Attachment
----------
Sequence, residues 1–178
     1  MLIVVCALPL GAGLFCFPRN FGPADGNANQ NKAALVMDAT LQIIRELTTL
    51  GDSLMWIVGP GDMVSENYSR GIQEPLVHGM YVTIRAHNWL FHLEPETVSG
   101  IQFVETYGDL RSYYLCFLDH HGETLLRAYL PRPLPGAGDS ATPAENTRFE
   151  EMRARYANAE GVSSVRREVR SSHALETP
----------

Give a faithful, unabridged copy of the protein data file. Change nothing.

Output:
Sequence, residues 1–178
     1  MLIVVCALPL GAGLFCFPRN FGPADGNANQ NKAALVMDAT LQIIRELTTL
    51  GDSLMWIVGP GDMVSENYSR GIQEPLVHGM YVTIRAHNWL FHLEPETVSG
   101  IQFVETYGDL RSYYLCFLDH HGETLLRAYL PRPLPGAGDS ATPAENTRFE
   151  EMRARYANAE GVSSVRREVR SSHALETP